New Haven Elementary School principal Robert McCabe nominated Ewan for the Prudential award, and said Ewan’s caring for others has rubbed off on students and staff. Through a school book drive he sponsored and a food collection for families during the holidays, he’s inspired his peers to give back.
“He very often puts others before himself, which I think is a tremendous thing to be able to do for a fifth-grader, and I just hope that he continues to do what he’s doing and affect the lives that he’s affecting,” McCabe said.
Ewan was featured in “Look to the Sky,” a documentary released last month that tells the story of 10 youths ages 5-18 who exhibit the superhero qualities of “Superman.” Director Brett Culp spent a few days in Detroit documenting Super Ewan’s adventures and said Ewan sees “the possibility in others.”
“With every one of his adventures to help others, he wears a smile, a superhero cape and a contagious hope,” Culp said. “... His determination and commitment have inspired other people to engage with the community and make a difference.”
‘In this together’
In the beginning, the Drums spent their own money to buy the food they passed out. Now, Ewan receives nearly all food and items through donations solicited on his website.
During the past two Thanksgivings, Ewan handed out 170 donated turkeys in Detroit neighborhoods. He also organizes an event called Hope for the Holidays, where Santa gives presents to children and parents receive clothes.
Last year, Chuck Speckman, owner of Jillian’s Coney Island & Grille in Chesterfield Township, donated the meal for the event.
Speckman met the Drums at the restaurant he opened in 2013. Once he learned of Ewan’s efforts to feed the homeless, he wanted to help.
“That kid would be out there in the freezing rain. He’d never let those families down, ever,” he said. “It’s just really moving.”
The Rev. Faith Fowler, executive director of Cass Community Social Services, a Detroit-based agency that provides food and housing, said Ewan is a good example of a child who reminds others “what’s good about humanity.”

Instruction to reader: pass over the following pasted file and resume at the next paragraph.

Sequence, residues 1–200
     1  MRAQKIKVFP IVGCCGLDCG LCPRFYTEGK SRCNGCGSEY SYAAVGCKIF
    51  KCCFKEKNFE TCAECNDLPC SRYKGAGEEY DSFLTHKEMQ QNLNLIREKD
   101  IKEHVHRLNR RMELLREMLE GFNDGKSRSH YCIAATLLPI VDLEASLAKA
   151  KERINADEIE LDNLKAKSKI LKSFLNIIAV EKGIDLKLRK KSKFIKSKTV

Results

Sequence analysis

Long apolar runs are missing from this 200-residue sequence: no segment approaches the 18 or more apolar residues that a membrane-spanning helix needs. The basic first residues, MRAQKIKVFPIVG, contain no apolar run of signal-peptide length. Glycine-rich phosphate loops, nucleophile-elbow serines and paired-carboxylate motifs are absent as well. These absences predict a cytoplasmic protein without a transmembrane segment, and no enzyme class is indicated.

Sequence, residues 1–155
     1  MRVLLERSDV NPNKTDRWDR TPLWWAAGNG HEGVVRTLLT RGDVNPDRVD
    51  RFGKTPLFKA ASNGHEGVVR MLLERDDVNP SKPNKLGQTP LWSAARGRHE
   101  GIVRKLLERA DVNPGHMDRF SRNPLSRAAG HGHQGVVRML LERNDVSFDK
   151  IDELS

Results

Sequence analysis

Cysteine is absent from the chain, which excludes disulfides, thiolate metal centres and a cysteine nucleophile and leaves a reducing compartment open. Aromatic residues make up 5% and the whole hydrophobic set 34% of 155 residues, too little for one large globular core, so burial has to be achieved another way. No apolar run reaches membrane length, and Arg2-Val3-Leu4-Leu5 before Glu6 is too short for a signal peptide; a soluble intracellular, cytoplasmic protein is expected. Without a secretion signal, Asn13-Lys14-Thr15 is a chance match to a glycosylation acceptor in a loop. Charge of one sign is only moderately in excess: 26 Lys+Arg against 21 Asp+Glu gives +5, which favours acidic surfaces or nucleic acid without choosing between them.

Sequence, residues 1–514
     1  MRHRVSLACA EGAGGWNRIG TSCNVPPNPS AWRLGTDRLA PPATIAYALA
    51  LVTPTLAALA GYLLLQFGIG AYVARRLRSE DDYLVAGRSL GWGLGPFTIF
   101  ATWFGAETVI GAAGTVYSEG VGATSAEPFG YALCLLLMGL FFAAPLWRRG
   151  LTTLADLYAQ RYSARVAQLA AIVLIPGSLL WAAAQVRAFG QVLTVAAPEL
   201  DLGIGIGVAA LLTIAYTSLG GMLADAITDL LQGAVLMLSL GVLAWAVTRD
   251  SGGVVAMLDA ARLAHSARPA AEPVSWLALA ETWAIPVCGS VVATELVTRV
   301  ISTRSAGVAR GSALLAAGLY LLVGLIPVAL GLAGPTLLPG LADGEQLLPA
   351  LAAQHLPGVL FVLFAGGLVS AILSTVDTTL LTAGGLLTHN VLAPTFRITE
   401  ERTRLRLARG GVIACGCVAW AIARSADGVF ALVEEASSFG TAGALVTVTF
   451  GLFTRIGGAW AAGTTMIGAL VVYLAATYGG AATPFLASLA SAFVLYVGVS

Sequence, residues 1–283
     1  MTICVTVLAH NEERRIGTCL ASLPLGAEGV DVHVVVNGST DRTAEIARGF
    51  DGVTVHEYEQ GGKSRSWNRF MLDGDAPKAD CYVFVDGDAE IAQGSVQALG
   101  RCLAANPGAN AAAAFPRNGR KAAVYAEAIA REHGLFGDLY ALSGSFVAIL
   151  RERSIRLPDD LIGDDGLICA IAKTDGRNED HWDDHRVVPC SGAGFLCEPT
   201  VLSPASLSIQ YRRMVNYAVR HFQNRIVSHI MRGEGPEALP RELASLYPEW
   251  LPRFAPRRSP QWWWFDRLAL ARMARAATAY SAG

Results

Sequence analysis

“Sometimes we become jaded after awhile to people and their situations,” she said, “and yet a child understands just how vulnerable it would be not to have a house or not to have food or not to have clean clothing.”
Fowler said other children have started lemonade stands to raise money for Detroit’s homeless, or encourage their families to volunteer at soup kitchens.
“(These kids) remind us that we’re all in this together, and we should look out for each other in a wonderfully loving way,” she said.
Russell Reid arrived on his green bike at Roosevelt Park last month.
“I’ve been coming here for as long as they’ve been here,” said Reid, 57, adding he’s not homeless but doesn’t have an income. “So I get a lot of food from places like this and churches.”
In the warmer months, the Drums set out lawn games, and Ewan brings his baseball glove to play catch with those who show up.
“It’s important to us that we not just feed them and clothe them,” Angela Drum said. “We want them to know that they’re loved and important.”
Dearborn Heights resident Bernadette White became a Super Volunteer after seeing Ewan on a newscast. The 47-year-old started in February, when she said it was so cold, few people came to the park. So they all hopped in their cars and drove around Detroit, bringing food to those on the street.
“He’s putting himself in other people’s shoes,” she said. “How else would he have the heart to want to help them?”
“Look to the Sky” Screening
7 p.m. June 12
MJR Chesterfield Crossing Digital Cinema 16
50675 Gratiot, Chesterfield
Buy tickets for $12 at tugg.com/events/look-to-the-sky-g0_v
A question-and-answer session with Super Ewan will follow.